Dystonia is a movement disorder that causes the muscles to contract involuntarily. This can cause repetitive or twisting movements.

The condition can affect one part of your body (focal dystonia), two or more adjacent parts (segmental dystonia), or all parts of your body (general dystonia). The muscle spasms can range from mild to severe. They may be painful, and they can interfere with your performance of daily tasks.

There's no cure for dystonia, but medications and therapy can improve symptoms. Surgery is sometimes used to disable or regulate nerves or certain brain regions in people with severe dystonia.


Dystonia affects different people in different ways. Muscle spasms might:

  • Begin in a single area, such as your leg, neck or arm. Focal dystonia that begins after age 21 usually starts in the neck, arm or face. It tends to remain focal or become segmental.
  • Occur during a specific action, such as writing by hand.
  • Worsen with stress, fatigue or anxiety.
  • Become more noticeable over time.

Areas of the body that can be affected include:

  • Neck (cervical dystonia). Contractions cause your head to twist and turn to one side, or pull forward or backward, sometimes causing pain.
  • Eyelids. Rapid blinking or spasms cause your eyes to close (blepharospasms) and make it difficult for you to see. Spasms usually aren't painful but might increase when you're in bright light, reading, watching TV, under stress or interacting with people. Your eyes might feel dry, gritty or sensitive to light.
  • Jaw or tongue (oromandibular dystonia). You might experience slurred speech, drooling, and difficulty chewing or swallowing. Oromandibular dystonia can be painful and often occurs in combination with cervical dystonia or blepharospasm.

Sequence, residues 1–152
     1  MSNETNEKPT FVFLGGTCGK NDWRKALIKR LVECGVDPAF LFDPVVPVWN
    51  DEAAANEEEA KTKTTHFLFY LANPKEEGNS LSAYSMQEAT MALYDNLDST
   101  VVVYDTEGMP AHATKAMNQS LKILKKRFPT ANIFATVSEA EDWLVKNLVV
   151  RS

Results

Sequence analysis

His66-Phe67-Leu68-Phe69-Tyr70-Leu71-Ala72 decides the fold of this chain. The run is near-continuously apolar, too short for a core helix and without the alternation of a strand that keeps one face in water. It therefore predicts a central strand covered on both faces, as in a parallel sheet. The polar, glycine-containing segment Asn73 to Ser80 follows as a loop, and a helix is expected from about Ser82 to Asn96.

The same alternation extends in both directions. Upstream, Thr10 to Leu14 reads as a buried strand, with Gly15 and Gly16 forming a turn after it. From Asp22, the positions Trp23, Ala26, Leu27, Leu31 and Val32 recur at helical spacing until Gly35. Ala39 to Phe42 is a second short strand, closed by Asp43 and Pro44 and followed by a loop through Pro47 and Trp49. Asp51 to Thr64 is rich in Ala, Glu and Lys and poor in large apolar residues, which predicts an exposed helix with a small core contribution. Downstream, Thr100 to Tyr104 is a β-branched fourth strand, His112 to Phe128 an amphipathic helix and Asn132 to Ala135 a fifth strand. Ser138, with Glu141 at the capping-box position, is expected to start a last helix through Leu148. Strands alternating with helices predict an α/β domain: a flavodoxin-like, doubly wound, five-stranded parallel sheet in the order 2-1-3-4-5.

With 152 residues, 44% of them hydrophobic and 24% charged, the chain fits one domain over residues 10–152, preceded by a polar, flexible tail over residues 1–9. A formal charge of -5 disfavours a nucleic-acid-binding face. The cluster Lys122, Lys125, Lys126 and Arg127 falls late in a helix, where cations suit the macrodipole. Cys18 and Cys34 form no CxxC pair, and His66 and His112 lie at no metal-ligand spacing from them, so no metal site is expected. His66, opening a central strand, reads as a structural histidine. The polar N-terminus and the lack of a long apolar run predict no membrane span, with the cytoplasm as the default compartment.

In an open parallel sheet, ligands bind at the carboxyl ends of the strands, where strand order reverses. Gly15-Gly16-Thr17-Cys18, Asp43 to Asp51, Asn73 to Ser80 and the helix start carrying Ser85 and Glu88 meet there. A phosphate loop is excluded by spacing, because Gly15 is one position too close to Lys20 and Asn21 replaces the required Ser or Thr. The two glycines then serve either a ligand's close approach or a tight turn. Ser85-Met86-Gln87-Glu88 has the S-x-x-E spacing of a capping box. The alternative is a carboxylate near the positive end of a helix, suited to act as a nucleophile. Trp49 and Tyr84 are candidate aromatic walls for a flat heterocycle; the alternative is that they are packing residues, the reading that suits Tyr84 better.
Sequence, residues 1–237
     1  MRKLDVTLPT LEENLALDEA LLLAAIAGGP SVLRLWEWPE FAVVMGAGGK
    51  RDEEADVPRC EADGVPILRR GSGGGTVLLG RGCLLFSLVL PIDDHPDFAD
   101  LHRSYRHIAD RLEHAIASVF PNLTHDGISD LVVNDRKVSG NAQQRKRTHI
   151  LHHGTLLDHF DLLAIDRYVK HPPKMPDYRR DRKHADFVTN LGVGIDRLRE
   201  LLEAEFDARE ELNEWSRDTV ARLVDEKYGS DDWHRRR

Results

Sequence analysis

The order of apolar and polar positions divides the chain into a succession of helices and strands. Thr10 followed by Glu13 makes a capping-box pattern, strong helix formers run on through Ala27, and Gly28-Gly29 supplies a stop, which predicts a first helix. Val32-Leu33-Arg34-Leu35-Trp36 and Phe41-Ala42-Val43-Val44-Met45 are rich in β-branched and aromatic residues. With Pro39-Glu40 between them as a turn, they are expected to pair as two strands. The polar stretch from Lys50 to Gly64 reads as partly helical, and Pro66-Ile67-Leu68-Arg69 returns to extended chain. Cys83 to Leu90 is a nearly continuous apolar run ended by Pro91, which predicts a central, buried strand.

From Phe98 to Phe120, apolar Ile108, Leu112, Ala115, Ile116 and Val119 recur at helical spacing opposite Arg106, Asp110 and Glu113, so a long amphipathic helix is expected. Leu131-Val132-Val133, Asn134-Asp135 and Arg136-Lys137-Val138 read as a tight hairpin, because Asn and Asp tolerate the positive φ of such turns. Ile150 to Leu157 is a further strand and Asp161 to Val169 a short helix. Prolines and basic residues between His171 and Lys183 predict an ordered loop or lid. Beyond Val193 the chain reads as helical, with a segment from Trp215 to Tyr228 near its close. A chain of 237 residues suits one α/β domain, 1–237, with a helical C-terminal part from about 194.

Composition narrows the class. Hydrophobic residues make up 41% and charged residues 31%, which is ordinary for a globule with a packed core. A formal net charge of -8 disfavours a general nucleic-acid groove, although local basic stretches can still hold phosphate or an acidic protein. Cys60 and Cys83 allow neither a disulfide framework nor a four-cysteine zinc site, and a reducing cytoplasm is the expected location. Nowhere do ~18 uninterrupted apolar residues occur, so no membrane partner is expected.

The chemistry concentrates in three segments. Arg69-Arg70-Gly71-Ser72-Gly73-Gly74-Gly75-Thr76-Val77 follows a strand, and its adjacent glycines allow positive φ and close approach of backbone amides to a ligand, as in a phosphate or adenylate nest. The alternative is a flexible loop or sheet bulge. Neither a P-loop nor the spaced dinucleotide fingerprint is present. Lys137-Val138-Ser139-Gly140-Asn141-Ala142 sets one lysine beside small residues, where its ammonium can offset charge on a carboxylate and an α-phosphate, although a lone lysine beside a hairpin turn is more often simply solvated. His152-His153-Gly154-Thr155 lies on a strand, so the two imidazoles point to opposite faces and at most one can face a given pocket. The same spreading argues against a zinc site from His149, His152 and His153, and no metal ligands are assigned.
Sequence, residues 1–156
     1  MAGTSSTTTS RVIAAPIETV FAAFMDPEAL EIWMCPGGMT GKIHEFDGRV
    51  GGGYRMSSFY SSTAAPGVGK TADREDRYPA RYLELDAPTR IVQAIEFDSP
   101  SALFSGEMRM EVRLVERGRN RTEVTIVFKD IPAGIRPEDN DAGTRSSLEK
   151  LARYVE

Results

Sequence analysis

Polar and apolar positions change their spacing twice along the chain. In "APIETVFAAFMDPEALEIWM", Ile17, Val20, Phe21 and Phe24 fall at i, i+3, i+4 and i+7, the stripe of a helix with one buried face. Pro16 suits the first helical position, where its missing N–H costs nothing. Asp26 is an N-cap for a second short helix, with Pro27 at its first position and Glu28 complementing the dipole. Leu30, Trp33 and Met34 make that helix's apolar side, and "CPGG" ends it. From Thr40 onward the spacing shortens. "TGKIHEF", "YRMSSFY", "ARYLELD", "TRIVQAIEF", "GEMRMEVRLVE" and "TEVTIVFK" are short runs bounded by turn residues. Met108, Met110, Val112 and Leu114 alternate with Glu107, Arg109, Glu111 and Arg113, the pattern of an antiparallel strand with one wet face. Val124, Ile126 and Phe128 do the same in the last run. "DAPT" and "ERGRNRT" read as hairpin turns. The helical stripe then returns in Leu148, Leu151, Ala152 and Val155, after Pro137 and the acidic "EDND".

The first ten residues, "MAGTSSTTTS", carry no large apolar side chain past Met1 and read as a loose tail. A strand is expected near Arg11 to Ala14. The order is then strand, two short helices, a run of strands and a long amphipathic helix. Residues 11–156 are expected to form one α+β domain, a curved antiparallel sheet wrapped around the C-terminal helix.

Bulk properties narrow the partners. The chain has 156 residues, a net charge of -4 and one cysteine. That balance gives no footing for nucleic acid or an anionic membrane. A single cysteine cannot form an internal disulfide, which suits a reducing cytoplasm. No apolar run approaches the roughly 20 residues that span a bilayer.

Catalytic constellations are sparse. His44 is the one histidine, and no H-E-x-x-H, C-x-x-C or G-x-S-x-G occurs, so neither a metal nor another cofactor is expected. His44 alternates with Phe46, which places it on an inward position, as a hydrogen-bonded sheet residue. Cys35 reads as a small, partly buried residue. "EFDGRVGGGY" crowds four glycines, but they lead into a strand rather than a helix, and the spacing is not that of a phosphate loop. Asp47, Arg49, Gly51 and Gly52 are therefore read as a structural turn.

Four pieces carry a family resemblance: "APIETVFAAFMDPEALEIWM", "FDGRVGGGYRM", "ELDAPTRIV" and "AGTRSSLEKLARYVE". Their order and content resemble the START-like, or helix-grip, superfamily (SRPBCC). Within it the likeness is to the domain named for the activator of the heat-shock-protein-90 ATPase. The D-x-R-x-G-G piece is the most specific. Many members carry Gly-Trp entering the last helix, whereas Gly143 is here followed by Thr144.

• Voice box and vocal cords (laryngeal dystonia). You might have a tight or whispering voice.
  • Hand and forearm. Some types of dystonia occur only while you do a repetitive activity, such as writing (writer's dystonia) or playing a specific musical instrument (musician's dystonia). Symptoms usually don't happen when your arm is at rest.

When to see a doctor

Early signs of dystonia often are mild, occasional and linked to a specific activity. See your health care provider if you're having involuntary muscle contractions.


The exact cause of dystonia isn't known. But it might involve changes in communication between nerve cells in several regions of the brain. Some forms of dystonia are passed down in families.

Dystonia can also be a symptom of another disease or condition, including:

  • Parkinson's disease
  • Huntington's disease
  • Wilson's disease
  • Traumatic brain injury
  • Birth injury
  • Stroke
  • Brain tumor or certain disorders that develop in some people with cancer (paraneoplastic syndromes)
  • Oxygen deprivation or carbon monoxide poisoning
  • Infections, such as tuberculosis or encephalitis
  • Reactions to certain medications or heavy metal poisoning


Depending on the type of dystonia, complications can include:

  • Physical disabilities that affect your performance of daily activities or specific tasks
  • Difficulty with vision that affects your eyelids
  • Difficulty with jaw movement, swallowing or speech
  • Pain and fatigue, due to constant contraction of your muscles
  • Depression, anxiety and social withdrawal

Dystonia care at Mayo Clinic

June 18, 2022
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